x,y,z are for the position. The columns (except for the bottom row) represent the X, Y and Z axis rotations. The last column *always* has 0,0,0,1 in it.

If you wish to move and rotate in a fully 3D environment, then you're probably going to have to drop the rotation method you're currently using. If more than two matrices are calculated together, and you're rotating on the X,Y, and Z axis, then you'll lose "gimball lock". That means that there will be incremental errors in the calculations, and the objects/character won't be rotated correctly. To fix that, you need to shift to using a "right vector", "up vector", and "lookat vector" method of calculating direction and movement.

As E?in said, the info and code describing this would take up quite a bit of space.
i.e. here's a little code snippet on updating an objects' vectors, which also keeps the object in "gimball lock".

; update the opponent...
INVOKE D3DXMatrixIdentity, ADDR matspacebuggyRed

INVOKE D3DXVec3Normalize, ADDR Redsb_lookat_vector,ADDR Redsb_lookat_vector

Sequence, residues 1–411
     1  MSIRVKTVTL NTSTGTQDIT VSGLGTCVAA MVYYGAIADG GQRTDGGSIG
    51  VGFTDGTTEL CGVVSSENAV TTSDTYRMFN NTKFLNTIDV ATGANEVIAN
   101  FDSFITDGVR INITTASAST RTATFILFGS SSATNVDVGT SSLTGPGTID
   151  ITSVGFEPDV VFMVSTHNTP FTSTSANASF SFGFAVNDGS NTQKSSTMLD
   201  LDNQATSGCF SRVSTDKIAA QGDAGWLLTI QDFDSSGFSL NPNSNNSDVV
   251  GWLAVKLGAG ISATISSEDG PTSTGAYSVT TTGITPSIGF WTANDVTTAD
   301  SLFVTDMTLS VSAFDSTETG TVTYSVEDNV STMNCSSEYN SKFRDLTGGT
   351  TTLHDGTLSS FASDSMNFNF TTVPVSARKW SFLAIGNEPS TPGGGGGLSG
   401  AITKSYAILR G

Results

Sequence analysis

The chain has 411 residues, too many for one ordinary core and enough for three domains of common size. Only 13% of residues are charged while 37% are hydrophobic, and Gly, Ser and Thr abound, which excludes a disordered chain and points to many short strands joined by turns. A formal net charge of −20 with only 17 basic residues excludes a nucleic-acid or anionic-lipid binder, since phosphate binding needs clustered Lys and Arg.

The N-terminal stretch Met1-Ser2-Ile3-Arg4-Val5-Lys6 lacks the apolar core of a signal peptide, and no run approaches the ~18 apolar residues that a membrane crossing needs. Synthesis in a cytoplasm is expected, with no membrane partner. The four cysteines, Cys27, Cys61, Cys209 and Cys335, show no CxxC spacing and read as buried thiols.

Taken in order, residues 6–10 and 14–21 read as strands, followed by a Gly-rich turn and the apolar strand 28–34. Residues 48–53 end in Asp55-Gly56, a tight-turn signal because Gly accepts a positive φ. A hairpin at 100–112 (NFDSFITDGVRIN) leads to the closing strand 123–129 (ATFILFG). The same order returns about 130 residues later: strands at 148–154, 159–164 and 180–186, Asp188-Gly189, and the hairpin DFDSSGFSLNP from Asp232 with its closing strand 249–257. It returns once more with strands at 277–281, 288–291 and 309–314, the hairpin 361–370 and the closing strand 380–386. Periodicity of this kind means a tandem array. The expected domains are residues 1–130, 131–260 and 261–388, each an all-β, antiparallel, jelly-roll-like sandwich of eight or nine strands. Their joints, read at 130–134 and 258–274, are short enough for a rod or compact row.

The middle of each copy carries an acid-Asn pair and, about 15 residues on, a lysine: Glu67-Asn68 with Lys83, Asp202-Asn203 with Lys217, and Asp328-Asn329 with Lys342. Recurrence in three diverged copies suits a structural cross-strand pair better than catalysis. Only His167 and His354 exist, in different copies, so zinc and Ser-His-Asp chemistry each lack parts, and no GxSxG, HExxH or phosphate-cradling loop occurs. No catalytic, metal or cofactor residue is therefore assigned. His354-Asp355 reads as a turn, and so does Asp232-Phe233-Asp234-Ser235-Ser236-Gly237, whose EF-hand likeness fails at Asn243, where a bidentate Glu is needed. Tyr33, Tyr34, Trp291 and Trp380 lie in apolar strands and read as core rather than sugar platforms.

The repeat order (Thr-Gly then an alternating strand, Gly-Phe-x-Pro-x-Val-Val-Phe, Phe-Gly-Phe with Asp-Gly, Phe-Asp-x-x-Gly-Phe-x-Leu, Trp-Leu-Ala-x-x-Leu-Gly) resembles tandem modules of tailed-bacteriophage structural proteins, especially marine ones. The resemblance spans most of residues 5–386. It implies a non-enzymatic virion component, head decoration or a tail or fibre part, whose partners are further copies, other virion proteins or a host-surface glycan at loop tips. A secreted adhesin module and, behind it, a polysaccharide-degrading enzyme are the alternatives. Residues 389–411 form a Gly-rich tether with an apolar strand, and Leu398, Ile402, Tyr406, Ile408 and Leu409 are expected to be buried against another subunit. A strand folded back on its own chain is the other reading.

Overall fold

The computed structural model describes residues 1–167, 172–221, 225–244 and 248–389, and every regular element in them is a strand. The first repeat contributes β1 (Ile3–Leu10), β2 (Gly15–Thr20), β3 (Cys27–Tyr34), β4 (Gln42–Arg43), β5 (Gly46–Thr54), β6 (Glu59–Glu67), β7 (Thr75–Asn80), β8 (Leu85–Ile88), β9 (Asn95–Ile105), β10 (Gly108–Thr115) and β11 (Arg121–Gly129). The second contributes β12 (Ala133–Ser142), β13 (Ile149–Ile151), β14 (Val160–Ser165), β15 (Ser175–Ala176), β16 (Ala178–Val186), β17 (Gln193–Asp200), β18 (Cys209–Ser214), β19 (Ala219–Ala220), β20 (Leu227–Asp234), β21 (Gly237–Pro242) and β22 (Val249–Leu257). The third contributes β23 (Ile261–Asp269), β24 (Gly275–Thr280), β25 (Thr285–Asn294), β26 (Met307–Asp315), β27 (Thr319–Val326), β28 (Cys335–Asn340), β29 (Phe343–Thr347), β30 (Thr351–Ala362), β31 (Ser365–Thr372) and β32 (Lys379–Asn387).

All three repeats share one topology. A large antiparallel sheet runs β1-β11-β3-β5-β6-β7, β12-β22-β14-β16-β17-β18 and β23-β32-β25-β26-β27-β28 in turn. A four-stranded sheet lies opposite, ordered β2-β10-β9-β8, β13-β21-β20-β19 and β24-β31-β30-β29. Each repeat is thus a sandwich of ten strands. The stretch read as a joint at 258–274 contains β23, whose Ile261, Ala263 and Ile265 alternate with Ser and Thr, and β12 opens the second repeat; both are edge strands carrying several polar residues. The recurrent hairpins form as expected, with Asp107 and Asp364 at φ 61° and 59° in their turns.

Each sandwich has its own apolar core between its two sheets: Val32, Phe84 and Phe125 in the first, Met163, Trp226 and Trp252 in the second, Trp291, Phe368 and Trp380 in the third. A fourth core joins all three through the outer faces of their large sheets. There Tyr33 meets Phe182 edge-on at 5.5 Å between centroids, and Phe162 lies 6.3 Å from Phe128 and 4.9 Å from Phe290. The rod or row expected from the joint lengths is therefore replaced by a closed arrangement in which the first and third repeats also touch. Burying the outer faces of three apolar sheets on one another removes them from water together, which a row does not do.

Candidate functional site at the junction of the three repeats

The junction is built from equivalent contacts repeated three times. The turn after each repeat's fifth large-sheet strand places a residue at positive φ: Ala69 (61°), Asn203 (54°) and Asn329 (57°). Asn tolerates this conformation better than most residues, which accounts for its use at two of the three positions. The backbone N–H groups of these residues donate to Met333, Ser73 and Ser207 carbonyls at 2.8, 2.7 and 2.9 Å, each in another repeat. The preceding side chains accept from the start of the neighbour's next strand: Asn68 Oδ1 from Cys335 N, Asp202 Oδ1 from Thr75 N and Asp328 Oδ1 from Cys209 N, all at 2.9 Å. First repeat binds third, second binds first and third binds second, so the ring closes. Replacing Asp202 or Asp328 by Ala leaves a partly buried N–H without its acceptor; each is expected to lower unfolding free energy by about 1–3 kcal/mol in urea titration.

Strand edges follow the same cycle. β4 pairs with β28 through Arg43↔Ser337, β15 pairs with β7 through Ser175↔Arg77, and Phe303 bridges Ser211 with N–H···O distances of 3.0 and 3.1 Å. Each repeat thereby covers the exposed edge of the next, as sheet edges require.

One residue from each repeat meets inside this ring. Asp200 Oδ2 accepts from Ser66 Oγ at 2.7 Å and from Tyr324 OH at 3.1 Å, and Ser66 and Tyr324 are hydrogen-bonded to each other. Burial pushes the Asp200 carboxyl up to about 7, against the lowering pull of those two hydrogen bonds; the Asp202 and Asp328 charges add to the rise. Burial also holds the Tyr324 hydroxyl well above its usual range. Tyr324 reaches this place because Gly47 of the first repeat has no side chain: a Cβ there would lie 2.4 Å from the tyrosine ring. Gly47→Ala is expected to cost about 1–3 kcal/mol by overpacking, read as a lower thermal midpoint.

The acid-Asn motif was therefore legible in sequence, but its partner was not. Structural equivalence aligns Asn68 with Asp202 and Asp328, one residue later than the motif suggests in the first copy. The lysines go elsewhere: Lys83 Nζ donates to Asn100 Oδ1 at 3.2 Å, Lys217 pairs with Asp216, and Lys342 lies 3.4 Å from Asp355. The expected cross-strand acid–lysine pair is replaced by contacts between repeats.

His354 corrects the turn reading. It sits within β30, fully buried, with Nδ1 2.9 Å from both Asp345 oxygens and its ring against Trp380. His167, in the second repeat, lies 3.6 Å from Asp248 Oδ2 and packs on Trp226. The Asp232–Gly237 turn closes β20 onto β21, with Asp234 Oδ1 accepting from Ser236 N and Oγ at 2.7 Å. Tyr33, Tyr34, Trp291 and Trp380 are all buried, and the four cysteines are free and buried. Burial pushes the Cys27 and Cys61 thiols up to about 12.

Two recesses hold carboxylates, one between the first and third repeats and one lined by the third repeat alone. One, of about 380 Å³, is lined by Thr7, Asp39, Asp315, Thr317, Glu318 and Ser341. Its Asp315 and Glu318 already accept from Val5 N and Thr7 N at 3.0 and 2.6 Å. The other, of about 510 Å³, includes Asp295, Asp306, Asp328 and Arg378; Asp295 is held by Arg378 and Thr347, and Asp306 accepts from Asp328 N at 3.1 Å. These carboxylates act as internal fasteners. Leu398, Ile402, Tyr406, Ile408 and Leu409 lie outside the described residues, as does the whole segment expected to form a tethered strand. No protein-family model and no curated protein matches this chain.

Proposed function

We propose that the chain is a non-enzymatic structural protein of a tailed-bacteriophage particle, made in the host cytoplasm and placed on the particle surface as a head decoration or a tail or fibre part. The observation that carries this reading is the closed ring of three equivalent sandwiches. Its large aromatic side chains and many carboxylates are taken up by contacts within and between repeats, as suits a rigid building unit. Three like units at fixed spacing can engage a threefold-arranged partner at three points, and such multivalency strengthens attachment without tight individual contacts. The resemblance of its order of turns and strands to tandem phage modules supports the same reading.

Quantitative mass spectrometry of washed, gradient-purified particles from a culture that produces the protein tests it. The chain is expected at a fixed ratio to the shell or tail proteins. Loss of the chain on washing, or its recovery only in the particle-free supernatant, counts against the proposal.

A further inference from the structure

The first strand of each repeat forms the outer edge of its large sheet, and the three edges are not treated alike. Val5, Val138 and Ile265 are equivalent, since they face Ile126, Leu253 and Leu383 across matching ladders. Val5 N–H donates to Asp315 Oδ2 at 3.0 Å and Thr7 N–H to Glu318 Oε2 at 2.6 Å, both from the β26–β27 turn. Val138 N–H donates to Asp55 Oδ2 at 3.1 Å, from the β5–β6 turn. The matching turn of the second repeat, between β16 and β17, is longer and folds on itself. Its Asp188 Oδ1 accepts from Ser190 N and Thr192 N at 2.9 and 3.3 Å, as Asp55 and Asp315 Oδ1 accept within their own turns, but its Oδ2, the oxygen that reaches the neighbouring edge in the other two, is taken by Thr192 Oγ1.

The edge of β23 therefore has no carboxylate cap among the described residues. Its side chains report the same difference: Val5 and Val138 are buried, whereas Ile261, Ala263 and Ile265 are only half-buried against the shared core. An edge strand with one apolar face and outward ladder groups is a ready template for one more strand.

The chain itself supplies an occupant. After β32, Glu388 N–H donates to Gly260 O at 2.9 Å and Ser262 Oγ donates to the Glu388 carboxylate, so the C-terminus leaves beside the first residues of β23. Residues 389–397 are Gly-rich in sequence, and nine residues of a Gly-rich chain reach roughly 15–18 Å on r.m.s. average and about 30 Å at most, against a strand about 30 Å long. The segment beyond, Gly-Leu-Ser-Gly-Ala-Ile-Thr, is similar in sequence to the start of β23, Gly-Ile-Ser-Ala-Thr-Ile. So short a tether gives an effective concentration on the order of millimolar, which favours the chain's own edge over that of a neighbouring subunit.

INVOKE D3DXVec3Cross, ADDR Redsb_right_vector,ADDR Redsb_up_vector,ADDR Redsb_lookat_vector
INVOKE D3DXVec3Normalize, ADDR Redsb_right_vector,ADDR Redsb_right_vector
INVOKE D3DXVec3Cross, ADDR Redsb_up_vector, ADDR Redsb_lookat_vector, ADDR Redsb_right_vector
INVOKE D3DXVec3Normalize, ADDR Redsb_up_vector, ADDR Redsb_up_vector

INVOKE D3DXMatrixRotationAxis, addr Redbuggyrollmatrix, addr Redsb_lookat_vector, RedRoll
INVOKE D3DXVec3TransformCoord, addr Redsb_right_vector , addr Redsb_right_vector, addr Redbuggyrollmatrix
INVOKE D3DXVec3TransformCoord, addr Redsb_up_vector, addr Redsb_up_vector, addr Redbuggyrollmatrix

INVOKE D3DXMatrixRotationAxis, addr Redbuggyyawmatrix, addr Redsb_up_vector, RedYaw
INVOKE D3DXVec3TransformCoord, addr Redsb_lookat_vector , addr Redsb_lookat_vector, addr Redbuggyyawmatrix
INVOKE D3DXVec3TransformCoord, addr Redsb_right_vector, addr Redsb_right_vector, addr Redbuggyyawmatrix